Huffin', puffin', blowin' house down
The Village Voice redefines the art of the puff piece. Check out all that breathless wordplay: "…drawing 45,000-plus from all over the world to see the major gods in electronic music stand triumphant on 12 laser-saturated stages." I thought someone was being snarky, but no, given the run on adjectives here – "enormously commercially successful," "far exceeded, "icons chiseled in Mount Rushmore fashion on the psyche of electronic music" – you quickly realize that irony's not the point. Big up "the big boys." There's more puffery going on here than in a school full of blowfish. Stoner blowfish.
(It's weird, too, because Makkada B. Selah doesn't seem like the biggest rave fan, really, commercial massives or otherwise. Is the Voice even having to outsource enthusiasm these days?)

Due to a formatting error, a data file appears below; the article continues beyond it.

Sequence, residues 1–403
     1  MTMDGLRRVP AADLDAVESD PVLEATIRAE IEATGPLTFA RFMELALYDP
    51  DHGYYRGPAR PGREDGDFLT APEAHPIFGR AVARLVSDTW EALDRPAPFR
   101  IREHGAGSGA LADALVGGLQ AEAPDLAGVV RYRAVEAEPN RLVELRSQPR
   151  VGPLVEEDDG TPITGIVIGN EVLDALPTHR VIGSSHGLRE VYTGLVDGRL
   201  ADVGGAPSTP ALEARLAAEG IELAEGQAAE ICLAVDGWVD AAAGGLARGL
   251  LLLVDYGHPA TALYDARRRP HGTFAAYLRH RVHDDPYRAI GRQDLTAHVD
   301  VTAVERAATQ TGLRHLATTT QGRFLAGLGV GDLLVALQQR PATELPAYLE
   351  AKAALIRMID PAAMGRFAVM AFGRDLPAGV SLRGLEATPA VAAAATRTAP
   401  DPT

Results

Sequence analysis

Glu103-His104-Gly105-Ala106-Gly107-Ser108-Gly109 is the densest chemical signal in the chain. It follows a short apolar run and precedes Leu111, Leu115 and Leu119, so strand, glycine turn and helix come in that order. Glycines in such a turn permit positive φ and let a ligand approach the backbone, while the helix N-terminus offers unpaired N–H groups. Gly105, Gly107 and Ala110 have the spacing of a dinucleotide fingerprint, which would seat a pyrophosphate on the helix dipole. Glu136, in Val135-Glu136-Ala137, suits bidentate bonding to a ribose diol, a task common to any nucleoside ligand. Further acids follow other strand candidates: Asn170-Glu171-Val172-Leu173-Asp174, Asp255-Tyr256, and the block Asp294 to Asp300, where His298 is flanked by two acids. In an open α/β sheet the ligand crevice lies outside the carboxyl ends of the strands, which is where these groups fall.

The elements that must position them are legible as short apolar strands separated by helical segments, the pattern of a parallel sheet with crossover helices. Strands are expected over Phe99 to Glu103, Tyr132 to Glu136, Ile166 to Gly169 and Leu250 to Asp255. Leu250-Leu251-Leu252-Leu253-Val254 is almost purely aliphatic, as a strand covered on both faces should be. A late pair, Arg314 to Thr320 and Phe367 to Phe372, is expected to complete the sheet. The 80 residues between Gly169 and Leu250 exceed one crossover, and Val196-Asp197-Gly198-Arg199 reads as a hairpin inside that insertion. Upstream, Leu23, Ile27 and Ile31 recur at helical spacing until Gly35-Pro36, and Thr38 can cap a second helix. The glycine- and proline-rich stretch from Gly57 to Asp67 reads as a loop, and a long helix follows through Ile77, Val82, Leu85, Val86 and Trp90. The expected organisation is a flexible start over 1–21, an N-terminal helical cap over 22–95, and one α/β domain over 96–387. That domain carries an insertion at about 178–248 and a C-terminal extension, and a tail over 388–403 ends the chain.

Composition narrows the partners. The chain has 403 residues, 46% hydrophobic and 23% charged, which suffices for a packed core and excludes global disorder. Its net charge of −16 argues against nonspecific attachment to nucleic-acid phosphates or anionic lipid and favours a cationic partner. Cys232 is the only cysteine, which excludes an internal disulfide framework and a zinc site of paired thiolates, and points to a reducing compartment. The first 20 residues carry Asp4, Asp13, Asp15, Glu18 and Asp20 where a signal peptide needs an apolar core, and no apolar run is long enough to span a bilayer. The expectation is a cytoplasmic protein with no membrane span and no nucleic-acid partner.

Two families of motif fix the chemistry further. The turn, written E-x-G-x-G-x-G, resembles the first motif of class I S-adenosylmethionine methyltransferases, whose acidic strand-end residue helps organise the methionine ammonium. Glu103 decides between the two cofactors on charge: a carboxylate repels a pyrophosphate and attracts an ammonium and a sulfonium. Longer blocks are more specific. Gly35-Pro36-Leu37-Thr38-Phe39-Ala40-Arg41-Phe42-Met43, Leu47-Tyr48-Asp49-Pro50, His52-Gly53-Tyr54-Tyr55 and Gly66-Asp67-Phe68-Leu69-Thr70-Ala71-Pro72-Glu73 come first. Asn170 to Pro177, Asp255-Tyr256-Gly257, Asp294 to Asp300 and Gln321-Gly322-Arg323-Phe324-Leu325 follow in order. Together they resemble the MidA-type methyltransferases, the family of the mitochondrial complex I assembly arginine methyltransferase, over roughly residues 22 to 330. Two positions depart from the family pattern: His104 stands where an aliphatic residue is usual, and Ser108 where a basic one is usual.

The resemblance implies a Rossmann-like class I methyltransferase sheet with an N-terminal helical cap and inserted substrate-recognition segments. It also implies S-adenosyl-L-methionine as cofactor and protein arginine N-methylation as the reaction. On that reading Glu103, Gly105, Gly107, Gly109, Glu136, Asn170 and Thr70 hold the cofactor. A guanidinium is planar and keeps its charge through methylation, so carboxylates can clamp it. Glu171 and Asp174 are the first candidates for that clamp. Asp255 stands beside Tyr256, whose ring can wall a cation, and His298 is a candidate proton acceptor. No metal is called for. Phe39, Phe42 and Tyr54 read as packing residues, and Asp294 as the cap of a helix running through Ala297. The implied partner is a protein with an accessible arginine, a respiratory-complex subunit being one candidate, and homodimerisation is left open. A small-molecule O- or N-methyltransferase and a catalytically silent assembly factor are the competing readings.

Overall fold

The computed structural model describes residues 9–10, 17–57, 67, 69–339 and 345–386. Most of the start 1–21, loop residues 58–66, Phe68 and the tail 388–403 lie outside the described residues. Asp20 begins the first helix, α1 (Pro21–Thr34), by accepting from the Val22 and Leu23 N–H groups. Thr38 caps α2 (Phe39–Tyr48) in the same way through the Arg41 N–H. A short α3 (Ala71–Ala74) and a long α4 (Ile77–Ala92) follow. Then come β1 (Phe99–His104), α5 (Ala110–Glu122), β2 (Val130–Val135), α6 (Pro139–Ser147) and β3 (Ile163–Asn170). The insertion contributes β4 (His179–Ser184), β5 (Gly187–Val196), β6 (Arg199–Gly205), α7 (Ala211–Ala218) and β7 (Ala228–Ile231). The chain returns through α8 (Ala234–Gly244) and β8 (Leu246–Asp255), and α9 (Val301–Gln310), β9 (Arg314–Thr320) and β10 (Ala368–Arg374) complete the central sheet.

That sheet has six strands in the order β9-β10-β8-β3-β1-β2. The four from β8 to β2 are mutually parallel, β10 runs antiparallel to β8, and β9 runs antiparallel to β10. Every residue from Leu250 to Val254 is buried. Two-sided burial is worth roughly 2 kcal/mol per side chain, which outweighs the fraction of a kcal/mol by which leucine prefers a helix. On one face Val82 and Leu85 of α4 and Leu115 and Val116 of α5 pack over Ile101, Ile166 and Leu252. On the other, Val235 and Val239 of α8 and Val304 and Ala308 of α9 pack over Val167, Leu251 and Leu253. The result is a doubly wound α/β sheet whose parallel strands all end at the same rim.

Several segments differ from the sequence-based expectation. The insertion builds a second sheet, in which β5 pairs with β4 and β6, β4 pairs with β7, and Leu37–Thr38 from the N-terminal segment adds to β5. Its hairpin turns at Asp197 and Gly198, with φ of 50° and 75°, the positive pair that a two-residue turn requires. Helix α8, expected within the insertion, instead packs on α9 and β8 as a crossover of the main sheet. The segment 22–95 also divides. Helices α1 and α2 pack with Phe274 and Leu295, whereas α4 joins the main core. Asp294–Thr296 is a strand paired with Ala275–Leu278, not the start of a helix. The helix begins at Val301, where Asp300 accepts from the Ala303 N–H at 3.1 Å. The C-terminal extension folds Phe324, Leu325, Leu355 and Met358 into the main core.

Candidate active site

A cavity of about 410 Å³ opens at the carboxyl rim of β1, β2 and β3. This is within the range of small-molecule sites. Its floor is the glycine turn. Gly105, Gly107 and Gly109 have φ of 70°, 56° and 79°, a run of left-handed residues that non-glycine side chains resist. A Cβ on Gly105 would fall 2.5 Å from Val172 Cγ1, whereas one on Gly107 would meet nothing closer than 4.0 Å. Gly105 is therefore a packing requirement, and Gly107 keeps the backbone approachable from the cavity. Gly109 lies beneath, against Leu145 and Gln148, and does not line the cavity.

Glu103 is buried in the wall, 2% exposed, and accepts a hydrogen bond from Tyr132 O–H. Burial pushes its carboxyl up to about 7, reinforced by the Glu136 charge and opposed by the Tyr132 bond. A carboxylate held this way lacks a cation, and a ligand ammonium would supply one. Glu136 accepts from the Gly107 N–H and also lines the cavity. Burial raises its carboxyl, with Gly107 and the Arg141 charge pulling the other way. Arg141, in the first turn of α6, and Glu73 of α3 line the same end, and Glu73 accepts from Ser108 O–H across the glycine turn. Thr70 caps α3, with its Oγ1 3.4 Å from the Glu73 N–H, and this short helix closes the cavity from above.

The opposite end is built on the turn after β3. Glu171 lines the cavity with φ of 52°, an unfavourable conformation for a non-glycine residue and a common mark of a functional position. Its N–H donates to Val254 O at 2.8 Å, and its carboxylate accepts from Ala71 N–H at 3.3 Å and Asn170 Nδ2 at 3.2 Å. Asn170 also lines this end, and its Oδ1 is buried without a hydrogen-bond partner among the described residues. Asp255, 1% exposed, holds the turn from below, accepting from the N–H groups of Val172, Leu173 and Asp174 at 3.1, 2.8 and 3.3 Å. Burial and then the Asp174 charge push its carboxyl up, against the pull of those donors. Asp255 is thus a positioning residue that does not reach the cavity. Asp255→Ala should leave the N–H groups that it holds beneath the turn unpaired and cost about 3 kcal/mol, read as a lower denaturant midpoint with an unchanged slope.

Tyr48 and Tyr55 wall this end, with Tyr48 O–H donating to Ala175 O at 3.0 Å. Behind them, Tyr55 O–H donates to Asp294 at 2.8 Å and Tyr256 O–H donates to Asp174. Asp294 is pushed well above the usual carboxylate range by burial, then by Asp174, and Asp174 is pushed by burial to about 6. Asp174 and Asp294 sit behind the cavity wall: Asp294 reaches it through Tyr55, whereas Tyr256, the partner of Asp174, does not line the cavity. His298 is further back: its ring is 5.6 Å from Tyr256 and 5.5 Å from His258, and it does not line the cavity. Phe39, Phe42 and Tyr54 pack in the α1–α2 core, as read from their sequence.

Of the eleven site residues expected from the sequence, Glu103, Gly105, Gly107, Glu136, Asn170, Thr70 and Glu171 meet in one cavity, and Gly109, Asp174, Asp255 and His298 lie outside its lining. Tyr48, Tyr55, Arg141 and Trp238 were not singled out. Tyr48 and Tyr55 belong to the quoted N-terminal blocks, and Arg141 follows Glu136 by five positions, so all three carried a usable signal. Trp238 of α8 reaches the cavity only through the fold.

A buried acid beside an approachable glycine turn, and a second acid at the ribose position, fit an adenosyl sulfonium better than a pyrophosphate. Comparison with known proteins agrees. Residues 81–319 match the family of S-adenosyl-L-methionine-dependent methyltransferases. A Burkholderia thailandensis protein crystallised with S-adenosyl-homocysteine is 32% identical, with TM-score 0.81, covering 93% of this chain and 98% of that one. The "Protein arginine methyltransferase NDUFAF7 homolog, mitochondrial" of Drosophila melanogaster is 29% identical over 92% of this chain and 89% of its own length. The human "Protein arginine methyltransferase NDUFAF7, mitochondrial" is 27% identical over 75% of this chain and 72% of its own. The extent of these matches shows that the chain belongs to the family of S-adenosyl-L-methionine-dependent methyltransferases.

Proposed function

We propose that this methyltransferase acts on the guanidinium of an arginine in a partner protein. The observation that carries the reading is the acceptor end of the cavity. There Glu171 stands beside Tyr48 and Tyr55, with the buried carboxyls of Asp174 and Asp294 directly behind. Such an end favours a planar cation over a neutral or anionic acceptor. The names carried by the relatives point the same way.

It's weird how often electronic music's defenders (and this is one of those times that I almost hate to be classed as one) fall back on the spirit of community service as a defense. "Faibisch says Moby deserves his hosannas: 'He's done a hell of a lot for electronic music in helping it get recognized in the mainstream.'"
Right, because god only knows, the only thing that matters is mainstream recognition. (Where I'm from, people like Ultra DJs have done more damage to techno's credibility than otherwise.) But to these guys it's more along the lines of: Who cares if the music's any good? It's all about the scene, maaaan. Semper fuckin' fi.
Problem is, bad music is still bad music, and lame scenes are still lame scenes. Tripe isn't a pearly gateway drug to transcendence; it's still just coiled, slimy innards. With friends like these, who needs friends? The good stuff will find its own audiences—the ones that deserve it, and vice versa. Just like the other stuff, actually.